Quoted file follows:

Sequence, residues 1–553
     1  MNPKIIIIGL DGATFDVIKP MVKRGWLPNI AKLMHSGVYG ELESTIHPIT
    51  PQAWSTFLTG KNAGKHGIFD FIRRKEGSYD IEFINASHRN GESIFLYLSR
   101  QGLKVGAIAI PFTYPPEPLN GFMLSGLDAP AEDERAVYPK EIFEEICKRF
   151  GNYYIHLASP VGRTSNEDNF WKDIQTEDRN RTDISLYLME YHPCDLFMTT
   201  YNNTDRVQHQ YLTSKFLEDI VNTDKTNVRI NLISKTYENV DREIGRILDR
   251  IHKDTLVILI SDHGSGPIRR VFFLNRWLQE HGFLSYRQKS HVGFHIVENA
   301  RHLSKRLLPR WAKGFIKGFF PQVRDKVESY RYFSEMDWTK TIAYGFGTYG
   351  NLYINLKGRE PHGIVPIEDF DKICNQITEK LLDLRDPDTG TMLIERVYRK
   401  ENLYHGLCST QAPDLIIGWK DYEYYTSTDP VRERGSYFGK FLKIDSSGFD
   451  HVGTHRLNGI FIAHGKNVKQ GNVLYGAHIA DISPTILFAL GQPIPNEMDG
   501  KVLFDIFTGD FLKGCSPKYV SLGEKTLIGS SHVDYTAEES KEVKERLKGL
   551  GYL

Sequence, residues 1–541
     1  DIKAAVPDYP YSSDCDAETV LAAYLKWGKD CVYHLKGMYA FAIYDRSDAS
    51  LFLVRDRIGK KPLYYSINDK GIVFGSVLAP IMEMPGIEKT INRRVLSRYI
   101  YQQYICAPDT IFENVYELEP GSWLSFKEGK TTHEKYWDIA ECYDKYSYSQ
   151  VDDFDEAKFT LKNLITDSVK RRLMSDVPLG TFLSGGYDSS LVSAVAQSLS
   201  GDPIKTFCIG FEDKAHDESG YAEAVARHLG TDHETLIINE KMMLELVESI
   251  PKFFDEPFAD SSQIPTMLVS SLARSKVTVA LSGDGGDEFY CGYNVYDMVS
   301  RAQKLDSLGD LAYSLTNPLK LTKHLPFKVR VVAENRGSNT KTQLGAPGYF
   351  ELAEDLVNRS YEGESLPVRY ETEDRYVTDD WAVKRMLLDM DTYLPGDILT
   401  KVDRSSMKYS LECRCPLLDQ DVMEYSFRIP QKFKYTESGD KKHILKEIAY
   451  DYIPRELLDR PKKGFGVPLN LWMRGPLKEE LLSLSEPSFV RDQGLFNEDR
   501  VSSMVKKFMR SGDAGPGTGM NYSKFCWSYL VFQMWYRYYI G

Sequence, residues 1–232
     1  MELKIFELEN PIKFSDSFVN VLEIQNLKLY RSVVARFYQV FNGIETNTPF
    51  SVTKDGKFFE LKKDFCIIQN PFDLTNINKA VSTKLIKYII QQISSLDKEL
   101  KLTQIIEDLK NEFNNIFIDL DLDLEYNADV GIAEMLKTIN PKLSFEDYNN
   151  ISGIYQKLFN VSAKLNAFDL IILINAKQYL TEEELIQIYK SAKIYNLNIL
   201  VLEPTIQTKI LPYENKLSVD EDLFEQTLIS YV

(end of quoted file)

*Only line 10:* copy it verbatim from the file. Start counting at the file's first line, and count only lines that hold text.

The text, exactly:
   401  ENLYHGLCST QAPDLIIGWK DYEYYTSTDP VRERGSYFGK FLKIDSSGFD